Saint Albans Messenger; November 3, 2016
By TOM BENTON
SWANTON — The Planning Commission held a public hearing regarding proposed revisions to the municipal energy plan at the Village Municipal Complex Wednesday night, the final step before the language is passed on to the Town Selectboard for approval.
The hearing lasted less than an hour. It served mostly as a chance for those at the center of the local wind power debate to fire parting shots before verbiage heatedly debated for months is effectively put to bed.
No previously unheard members of the public stepped forward to comment on the language in the plan. Village Manager Reg Beliveau approved of it. He said the revisions are an attempt to make Swanton more appealing to businesses.
“I understand the Belisles’ position, what they’re trying to do with their own properties,” he said. But he also expressed concern, drawing from his experience managing Swanton’s hydropower facilities. “Because of these large-scale renewable energy projects that are out there, we’re told to curtail running,” he said. “So then we have to buy out on the open market at higher prices.”
That was the extent of neutral language at the hearing, save for diplomatic comments from Planning Commission Chair Jim Hubbard as the meeting’s moderator.
The rest of the discussion was predominately a back-and-forth between Swanton Wind attorney Anthony Iarrapino and the project’s most outspoken local opponents, Dustin and Christine Lang. Both Iarrapino and Christine pointed out the Planning Commission had “heard all this.”
Tempering matters even further, Hubbard described the town’s revised municipal energy plan as an “11th hour” initiative that will have no effect on Swanton Wind, since the Public Service Board — which has the final say in whether the project moves forward — has already begun its review process.
“Personally, I wish you well in your endeavor, whether it goes forward or not, as businesspeople in this community,” Hubbard told the Belisles. “I wish you utmost success, and let the powers be decide it.”
Swanton Wind’s representatives were not so benign. Despite the plan’s ultimate powerlessness in influencing the project, Iarrapino expressed concern that the plan set a dangerous precedent for future local business. He said Swanton’s local government “is unfairly targeting local private property owners.”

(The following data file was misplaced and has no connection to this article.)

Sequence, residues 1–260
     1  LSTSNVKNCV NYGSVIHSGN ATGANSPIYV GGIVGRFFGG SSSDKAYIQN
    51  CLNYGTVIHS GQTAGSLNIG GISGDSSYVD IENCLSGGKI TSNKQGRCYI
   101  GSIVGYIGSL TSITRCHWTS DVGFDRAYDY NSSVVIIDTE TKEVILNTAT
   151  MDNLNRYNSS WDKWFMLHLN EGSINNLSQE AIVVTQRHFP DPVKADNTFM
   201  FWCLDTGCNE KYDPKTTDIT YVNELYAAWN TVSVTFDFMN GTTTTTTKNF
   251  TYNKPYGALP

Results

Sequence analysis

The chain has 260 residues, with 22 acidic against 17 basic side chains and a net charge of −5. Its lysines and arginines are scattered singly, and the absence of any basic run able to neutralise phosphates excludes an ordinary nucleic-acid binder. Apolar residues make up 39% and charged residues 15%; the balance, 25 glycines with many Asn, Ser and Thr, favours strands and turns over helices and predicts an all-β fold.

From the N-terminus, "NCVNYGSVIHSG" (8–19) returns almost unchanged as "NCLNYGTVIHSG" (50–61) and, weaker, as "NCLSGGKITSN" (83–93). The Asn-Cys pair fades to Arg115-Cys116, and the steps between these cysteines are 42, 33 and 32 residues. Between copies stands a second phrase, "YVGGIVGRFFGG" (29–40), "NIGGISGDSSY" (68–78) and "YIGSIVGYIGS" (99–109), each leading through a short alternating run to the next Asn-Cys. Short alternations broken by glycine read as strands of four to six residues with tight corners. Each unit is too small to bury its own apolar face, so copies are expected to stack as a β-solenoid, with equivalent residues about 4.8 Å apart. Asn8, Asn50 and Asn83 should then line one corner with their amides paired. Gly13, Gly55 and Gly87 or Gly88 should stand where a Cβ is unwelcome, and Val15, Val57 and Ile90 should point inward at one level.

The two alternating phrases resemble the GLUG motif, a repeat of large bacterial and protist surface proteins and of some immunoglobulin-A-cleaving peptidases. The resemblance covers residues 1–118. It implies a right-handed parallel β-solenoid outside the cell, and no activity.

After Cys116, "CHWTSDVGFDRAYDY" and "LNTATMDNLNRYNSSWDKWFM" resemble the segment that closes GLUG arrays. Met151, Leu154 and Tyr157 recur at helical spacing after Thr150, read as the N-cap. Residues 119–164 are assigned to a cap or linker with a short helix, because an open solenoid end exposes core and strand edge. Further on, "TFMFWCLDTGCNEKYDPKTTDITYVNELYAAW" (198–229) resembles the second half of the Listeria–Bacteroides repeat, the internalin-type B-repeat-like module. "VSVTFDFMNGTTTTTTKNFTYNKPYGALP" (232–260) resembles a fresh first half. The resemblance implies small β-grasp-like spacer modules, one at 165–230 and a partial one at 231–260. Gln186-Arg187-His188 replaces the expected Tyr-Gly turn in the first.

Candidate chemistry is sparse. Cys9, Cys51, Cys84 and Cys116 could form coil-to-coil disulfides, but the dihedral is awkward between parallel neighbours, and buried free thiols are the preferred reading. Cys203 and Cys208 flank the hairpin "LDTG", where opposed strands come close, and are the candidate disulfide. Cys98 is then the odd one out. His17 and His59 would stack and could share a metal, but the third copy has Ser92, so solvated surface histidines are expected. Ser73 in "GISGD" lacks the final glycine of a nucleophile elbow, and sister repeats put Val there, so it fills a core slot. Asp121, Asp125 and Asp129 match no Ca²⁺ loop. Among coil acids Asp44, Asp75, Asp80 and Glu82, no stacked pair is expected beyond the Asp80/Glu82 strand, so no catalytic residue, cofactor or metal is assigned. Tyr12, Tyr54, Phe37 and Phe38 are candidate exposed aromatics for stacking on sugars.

“If the draft is any indication, the Town of Swanton has started down a very slippery slope,” he said.
Iarrapino put his clients’ objections to the revisions on the record. There were many — as Iarrapino put it, “too many instances where fear won out over facts.” He said he hoped the commission would note a lack of complaints from those living around similar projects in Georgia, Milton and Lowell, citing several magazine articles on the town’s booming economies without any mention of the wind projects or their adverse effects.
He noted the project could bring an estimated $4 million in wages mostly to Franklin County workers. He stressed the importance of adapting to fight climate change, which he said is a far greater threat to wildlife than wind turbines, noting that even the Audubon Society supports wind power.
But mostly, he took reiterated arguments against several assertions within the plan, such as the turbines will cause large bird fatalities. “Wind projects in North America are responsible for 0.1 percent — 0.1 percent — of human caused bird fatalities,” he said, whereas household cats accounted for 1.4-3.7 million bird deaths.
“Given the emphasis you all have placed on bird fatalities, I hope you will include standards in the Swanton Town Plan that will include and guide prohibition of the town’s outdoor cats in the future.”
He also disputed claims the turbines would interrupt an important flyway and strike down geese, noting geese are considered wildly overpopulated in Vermont now, and that hunters are currently allowed to kill eight per day.
“I don’t agree with all of your views,” Hubbard responded. “I don’t want to pick it apart. It was well presented… Some of the testimonies I’ve received over the past year disagree with some of your comments.”
Dustin Lang said earlier that day, “Bird Diva” on Vermont Public Radio had discussed going up French Hill, in St. Albans, and watching hawks migrate. Lang said raptors have the highest incidences of collisions with wind turbines.
He also took issue with the project’s agreement with the Department of Fish & Wildlife to apply better management practices to a deeryard on the site, improving deer habitat. “The deer go to a deer yard in the winter for shallow snow to escape predators,” Lang said. “They’re under a lot of pressure.” He said the introduction of turbine sound and a flashing red light would disrupt those efforts. Iarrapino retorted that Fish & Wildlife had done “such a good job we’re overrun with deer.”
“I think we have to rely on the experts regarding what’s good for deer,” he said.
Christine said they see hawks near the project’s proposed site all the time. Iarrapino said independent scientists had been “hundreds of hours” studying birds near turbine sites and seen no raptor fatalities. “Just because birds are there where wind turbines are doesn’t mean they’ll be flying into the blades,” he said.
Christine reiterated reports from homeowners in Georgia and Milton who say they are disturbed by the turbines’ noise and that their property values have decreased. She also said the project’s Renewable Energy Credits (RECs) will most likely be sold out of state, therefore not benefitting the state’s renewable energy goals.
Hubbard closed the meeting with the weary statement, “In my 20 years on the commission, this is the toughest thing I’ve been involved in.”